Quantcast

Ruben Diaz Jr. talks Bronx Week and the borough’s resurgence

Stephon Johnson | 5/12/2017, 4:39 p.m.
This time of year is always important to Bronx Borough President Ruben Diaz Jr. Not only is it Bronx Week, ...
Bronx Borough President Ruben Diaz Jr. Bronx Borough President Office/Flickr

This time of year is always important to Bronx Borough President Ruben Diaz Jr. Not only is it Bronx Week, but also it’s a chance for Diaz to show off his creation. Whereas New Yorkers have comedically referred to Staten Island as the “forgotten” borough, the Bronx became the openly mocked borough.

Throughout the 1960s, 1970s, 1980s and early 1900s, the Bronx was associated with urban blight, crime, drugs and gangs. The Bronx became fodder for late night television host Johnny Carson. The Bronx became the setting for many movies about street gangs and vigilante justice.

Those days have been over for some time now, according to Diaz.

“We live in a different Bronx that has progressed,” said Diaz to the AmNews. “We’re not the Bronx of the ‘70s, ‘80s and early ‘90s. There’s still some people who have not visited us in a decade or people who’ve never been, who have allowed their perception of the Bronx to be clouded by those issues of yesterday.”

Right before the 46th annual Bronx Week began, the AmNews talked with Diaz about the festivities and the borough’s future.

“We want the world to know that we have a lot of hard-working families in our borough,” said Diaz. Thursday, the beginning of Bronx Week, which runs from May 11 to May 21, Diaz will start the morning off with a labor breakfast at Veterans’ Memorial Hall in the Bronx County Building. There, he will honor labor leaders and organizations such as the Communications Workers of America, Local 1180, President of the NYC Central Labor Council Vincent Alvarez, Bronx Board of Business Agents and Business Agent for Plumbers Local Union No.1 President Bobby Murray.

According to Diaz, the Bronx has cut unemployment from 14.1 percent to 5.7 percent during his tenure.

“We used to be the No. 1 in the state in unemployment,” said Diaz. “There’s now more than 22 other counties in the state of New York with worse unemployment.”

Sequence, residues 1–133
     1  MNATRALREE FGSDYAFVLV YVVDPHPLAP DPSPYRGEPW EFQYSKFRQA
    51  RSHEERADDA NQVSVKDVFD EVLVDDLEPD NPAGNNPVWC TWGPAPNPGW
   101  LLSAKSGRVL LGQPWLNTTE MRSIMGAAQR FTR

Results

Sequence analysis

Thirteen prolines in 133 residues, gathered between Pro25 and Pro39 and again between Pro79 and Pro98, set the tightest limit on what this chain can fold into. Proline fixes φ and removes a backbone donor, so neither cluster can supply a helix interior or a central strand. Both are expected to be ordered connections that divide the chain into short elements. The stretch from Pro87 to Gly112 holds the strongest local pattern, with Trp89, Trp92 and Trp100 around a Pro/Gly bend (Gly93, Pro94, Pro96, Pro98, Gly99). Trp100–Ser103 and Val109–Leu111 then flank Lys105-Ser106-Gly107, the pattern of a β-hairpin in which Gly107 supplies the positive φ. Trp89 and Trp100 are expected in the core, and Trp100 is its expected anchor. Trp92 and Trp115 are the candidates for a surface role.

Bronx Week also includes a tribute to Bronx community board members, a gala to honor veterans and a lunch celebrating Bronxites who are centenarians. Diaz also announced the new class for the Bronx Walk of Fame.

Singer/songwriter Prince Royce, DJ Funkmaster Flex, actress Selenis Leyva and medical device entrepreneur Manny Villafaña will add their names to the Grand Concourse.

“This is the time of year when the entire borough comes together to exhibit pride and show the rest of the world what a great place the Bronx truly is,” said Bronx Tourism Council Executive Director Olga Luz Tirado in a statement. “We give our honorees a big hometown welcome as we celebrate their accomplishments!”

The “week” of festivities ends May 21 with a parade involving more than 100 schools and other groups along Mosholu Parkway, which leads on an international food festival and a concert featuring performances from Slick Rick and Doug E. Fresh.

Diaz told the AmNews that this week marks an “opportunity to exhibit the wonderful things about our borough.”

He added, “That’s what we work on every single day. We’ve seen 68 and a half million feet of economic development in the last eight years alone. We’ve restored green space and private parks. Tourism is up 14 percent. The Bronx is the safest Bronx that the world has seen in 50 years.”

He mentioned that Bronx resurgence is the resurrection of the New York Yankees in baseball. Coming off a few dull seasons, the Yankees combination of up and coming young talent and veterans have them in first place in the American League Eastern Division. When asked about the Yankees, Diaz was quick to provide commentary that could rival any sports talk radio host.

“The reality is when you saw the giants like Derek Jeter and Mariano Rivera retire, the Yankees were rebuilding,” he said. “And one thing they’ve done well as a ball club is develop that farm [system] and that next generation of talent. Now, if you’re a Yankee fan, you’re gonna be patient because the Yankees have enough pennants that we’ll give them three or four years. They’ve been playing small ball and long ball. They’re not a flashing team. They’re young and hungry.”

Not flashy, but hungry could be the same attitude many associate with the Bronx overall in 2017.